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10 Jaw-Dropping Untranslatable Swedish Words

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When learning a new language, you’re going to come across some surprises. 

Ever heard of false friends?

It’s a linguistic concept that describes similar-sounding or similar-looking words in different languages that do not have the same meaning.

It’s most common among languages that belong to the same linguistic group, such as between North Germanic languages (Swedish, Danish, Norwegian, Icelandic, and Faroese) and West Germanic languages (English, German, and Dutch).

For example, eventuellt in Swedish does not mean “eventually” as you may suppose. It actually translates to “possibly” or “potentially” in English.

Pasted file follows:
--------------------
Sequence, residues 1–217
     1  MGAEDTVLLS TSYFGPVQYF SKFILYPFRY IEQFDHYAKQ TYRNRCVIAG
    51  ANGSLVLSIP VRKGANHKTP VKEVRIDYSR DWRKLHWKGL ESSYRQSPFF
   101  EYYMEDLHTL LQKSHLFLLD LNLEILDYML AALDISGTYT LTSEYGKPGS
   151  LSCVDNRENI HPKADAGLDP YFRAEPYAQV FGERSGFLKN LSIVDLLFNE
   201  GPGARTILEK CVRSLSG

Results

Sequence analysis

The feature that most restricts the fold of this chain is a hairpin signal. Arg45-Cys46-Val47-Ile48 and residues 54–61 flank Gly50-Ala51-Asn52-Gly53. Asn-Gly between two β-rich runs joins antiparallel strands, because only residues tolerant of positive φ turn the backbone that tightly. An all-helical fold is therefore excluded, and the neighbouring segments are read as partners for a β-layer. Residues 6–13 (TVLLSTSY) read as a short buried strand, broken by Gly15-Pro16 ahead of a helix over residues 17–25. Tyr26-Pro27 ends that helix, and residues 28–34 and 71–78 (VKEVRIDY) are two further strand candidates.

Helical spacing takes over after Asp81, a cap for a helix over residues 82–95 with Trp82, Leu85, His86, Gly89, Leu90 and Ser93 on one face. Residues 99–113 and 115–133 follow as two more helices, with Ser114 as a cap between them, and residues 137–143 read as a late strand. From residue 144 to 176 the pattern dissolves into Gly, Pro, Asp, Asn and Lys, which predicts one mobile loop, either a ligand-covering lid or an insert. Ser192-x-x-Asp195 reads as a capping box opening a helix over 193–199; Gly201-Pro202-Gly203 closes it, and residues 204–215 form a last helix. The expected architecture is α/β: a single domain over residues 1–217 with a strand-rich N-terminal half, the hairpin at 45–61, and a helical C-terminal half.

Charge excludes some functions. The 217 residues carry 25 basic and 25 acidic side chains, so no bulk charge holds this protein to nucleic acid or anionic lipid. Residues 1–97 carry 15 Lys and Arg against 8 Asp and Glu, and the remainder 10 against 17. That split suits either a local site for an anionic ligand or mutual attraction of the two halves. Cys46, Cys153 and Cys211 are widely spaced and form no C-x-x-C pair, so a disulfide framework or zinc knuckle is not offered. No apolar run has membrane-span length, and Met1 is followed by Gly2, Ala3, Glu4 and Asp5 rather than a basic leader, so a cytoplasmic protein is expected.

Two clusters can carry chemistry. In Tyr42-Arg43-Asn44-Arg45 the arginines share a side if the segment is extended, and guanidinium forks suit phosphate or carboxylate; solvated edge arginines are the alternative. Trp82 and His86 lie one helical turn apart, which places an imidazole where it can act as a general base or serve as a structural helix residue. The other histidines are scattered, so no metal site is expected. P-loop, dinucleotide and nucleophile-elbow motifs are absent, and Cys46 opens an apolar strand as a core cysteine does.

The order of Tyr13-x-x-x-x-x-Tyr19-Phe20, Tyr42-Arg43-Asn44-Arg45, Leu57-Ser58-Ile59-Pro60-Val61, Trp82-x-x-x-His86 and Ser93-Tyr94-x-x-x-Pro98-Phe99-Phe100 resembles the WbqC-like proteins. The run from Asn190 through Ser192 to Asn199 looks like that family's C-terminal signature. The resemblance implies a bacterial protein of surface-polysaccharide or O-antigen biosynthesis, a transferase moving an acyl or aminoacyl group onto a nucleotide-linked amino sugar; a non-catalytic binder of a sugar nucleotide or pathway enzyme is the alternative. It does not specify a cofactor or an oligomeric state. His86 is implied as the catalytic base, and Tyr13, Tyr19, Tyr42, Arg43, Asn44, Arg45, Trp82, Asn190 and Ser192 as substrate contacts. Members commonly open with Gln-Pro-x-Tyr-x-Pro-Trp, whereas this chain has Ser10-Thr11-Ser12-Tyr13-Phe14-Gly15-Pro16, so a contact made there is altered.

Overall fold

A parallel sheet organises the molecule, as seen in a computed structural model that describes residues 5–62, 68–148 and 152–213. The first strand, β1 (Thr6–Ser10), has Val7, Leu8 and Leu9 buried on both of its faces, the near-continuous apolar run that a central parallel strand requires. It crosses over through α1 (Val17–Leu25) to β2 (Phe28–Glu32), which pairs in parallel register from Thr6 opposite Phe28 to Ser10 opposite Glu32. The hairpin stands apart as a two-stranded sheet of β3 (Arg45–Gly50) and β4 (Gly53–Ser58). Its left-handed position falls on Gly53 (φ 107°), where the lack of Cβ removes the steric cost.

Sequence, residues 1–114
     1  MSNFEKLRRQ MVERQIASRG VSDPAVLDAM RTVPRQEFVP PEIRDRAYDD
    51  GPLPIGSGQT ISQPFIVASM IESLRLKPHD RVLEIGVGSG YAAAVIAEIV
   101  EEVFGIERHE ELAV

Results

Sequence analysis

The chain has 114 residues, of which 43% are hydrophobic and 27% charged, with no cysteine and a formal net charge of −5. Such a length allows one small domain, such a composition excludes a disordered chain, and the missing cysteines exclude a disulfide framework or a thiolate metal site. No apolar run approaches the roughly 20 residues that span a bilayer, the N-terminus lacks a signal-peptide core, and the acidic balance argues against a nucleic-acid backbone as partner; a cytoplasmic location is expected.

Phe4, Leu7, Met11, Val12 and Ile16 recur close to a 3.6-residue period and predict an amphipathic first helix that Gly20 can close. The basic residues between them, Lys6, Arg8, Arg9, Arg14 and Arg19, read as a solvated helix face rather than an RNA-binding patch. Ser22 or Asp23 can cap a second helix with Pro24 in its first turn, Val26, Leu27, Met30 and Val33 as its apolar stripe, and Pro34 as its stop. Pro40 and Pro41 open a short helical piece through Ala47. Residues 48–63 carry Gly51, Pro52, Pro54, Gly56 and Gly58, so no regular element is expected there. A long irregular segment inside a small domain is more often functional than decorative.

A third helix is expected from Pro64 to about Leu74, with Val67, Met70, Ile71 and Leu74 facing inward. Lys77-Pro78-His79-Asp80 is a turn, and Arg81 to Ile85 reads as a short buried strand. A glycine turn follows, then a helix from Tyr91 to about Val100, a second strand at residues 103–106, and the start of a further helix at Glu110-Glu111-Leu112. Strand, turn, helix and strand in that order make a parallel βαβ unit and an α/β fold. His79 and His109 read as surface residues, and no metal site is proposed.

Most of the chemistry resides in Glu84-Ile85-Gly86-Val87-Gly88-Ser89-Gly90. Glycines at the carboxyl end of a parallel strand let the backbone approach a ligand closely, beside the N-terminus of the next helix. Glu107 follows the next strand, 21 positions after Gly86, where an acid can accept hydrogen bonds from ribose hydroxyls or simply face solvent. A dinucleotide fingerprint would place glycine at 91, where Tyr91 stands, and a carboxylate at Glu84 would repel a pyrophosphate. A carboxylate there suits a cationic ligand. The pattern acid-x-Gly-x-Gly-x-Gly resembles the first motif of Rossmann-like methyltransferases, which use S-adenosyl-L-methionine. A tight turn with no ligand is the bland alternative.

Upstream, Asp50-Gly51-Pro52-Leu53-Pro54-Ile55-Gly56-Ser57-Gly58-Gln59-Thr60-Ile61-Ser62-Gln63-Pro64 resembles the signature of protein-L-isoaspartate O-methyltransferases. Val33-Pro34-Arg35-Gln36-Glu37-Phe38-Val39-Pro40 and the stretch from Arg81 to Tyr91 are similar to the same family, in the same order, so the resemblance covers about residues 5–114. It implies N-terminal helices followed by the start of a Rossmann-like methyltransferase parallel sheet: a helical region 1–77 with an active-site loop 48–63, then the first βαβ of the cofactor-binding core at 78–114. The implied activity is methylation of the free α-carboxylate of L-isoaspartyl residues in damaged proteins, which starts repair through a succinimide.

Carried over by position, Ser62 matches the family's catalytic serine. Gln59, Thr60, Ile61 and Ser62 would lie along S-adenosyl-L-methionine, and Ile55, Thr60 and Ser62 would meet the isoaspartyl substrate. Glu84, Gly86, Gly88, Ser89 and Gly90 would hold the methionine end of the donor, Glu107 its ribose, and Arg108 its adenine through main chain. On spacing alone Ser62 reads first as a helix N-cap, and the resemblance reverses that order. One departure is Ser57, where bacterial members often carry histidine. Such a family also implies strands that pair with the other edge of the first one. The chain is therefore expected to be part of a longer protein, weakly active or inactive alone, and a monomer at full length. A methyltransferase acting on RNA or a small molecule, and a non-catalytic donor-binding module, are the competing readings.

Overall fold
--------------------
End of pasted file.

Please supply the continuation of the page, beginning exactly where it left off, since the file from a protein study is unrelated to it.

And then there are untranslatable Swedish words. These are words that are used in one language (Swedish) but cannot be translated to another.

This is usually the case with words that are attributed to cultural, geographical, and historic particularities of a certain language or country.

One of the famous traditions unique to Sweden is eating fermented herring, and Swedes had no choice but to create some untranslatable vocabulary unique to this tradition, which takes us to the first item on our list of unique words in Swedish…

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Log in to Download Your Free Cheat Sheet - Beginner Vocabulary in Swedish Table of Contents
  1. Surströmmingspremiär
  2. Badkruka